On the New York Times front page Thursday, national political correspondent Alexander Burns spun frantically for the Democrats in his news analysis under a “have your cake and eat it too” headline, “Why Choose? Democrats Seek To Fund and Reform the Police.”
The text box skipped the desperation and division of the current Democratic Party on crime and police issues and skipped blissfully on to future hypothetical success: “Trying to Meld Divisive Issues Into a Potent Political Cause.” The jump-page text box was even more aggressively cheerful on the party’s behalf: “An opportunity to beat the G.O.P. on law-and-order issues.”
Facing a surge in shootings and homicides and persistent Republican attacks on liberal criminal-justice policies, Democrats from the White House to Brooklyn Borough Hall are rallying with sudden confidence around a politically potent cause: funding the police.
Never mind our backtracking from “defund the police.”
In the nation’s capital on Wednesday, President Biden put the weight of his office behind a crime-fighting agenda, unveiling a national strategy that includes cracking down on illegal gun sales and encouraging cities to use hundreds of billions of dollars in pandemic relief money for law-enforcement purposes. His speech represented the most muscular response so far from his administration to a rise in crime that has stricken the country’s major cities.
In New York City, the country’s largest metropolis and a Democratic stronghold, it was Eric Adams, a former police officer who is Black, who rode an anti-crime message to a commanding lead in the initial round of the Democratic mayoral primary on Tuesday.
The back-to-back developments signaled a shift within the Democratic Party toward themes of public safety….
But most Democratic leaders, from the president of the United States to the Brooklyn borough president, have also firmly rejected activist calls to slash police budgets and divert government resources toward other kinds of social services.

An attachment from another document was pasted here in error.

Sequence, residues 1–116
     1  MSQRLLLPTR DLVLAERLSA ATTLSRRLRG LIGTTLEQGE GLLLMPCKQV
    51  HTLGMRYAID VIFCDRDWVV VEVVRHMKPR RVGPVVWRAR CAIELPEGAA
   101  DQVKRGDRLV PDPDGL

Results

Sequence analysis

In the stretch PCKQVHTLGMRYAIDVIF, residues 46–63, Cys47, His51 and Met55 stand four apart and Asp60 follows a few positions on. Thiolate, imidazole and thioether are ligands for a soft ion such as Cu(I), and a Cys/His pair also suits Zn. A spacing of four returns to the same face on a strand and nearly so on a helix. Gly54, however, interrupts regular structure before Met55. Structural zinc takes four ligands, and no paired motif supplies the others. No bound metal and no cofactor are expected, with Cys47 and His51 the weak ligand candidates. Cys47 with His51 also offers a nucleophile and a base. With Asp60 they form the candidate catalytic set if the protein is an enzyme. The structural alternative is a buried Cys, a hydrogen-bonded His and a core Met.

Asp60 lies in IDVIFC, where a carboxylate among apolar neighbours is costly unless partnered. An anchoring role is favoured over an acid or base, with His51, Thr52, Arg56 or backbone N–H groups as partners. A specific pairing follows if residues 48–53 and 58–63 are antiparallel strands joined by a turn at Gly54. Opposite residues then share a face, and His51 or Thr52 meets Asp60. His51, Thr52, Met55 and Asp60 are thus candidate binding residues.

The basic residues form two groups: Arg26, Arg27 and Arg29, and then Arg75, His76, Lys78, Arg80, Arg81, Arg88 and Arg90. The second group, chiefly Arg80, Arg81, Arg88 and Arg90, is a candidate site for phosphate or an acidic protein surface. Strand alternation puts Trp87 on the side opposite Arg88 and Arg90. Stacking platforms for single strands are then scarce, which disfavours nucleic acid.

Mr. Adams has denounced that approach with open contempt, deriding “Defund the Police” activists as a collection of affluent whites and accusing a progressive rival, Maya Wiley, of focusing on left-wing sloganeering “at a time when Black and brown babies are being shot in our streets.”
That message evidently resonated with Black primary voters: Mr. Adams’s lead in the mayoral race was built on his popularity in the Bronx and working-class Black neighborhoods in Brooklyn that have been hit especially hard by a spike in murders and shootings. That may embolden Democrats who have held back from using law-and-order language for fear of alienating core elements of the party’s base.
Burns seemed confident the Democratic Party can resolve its contradictions and be both tough on crime and tough on police.
….While a majority of the party appears to welcome a message of being simultaneously tough on crime and stringent about police abuse, there is also significant resistance among liberals to policies that might bolster police departments, of which they are deeply distrustful.
Burns tried to gin up hostility to the more law-and-order current NYC mayoral frontrunner Eric Adams:
In New York, progressives were holding out hope that Ms. Wiley or another candidate could overtake Mr. Adams through the tabulation of ranked-choice ballots. That kind of upset is not entirely out of the question: Mr. Adams has alienated several of the other leading candidates with bitter personal attacks, and he faced serious questions about financial ethics and real-estate interests that fueled antipathy to his campaign….
Burns assured us this change on the part of Democrats was long in the works. Stay calm! All is well!
As early as last November, congressional Democrats were engaged in a pitched debate over the impact of the “defund” movement on down-ballot elections. In the 2020 general election, Republicans savaged Democrats all over the country by linking them with the most strident faction of activists to emerge during a summer of racial-justice protests. Many Democrats were convinced the party’s candidates had suffered as a result, while progressives bristled at what they described as centrist scapegoating.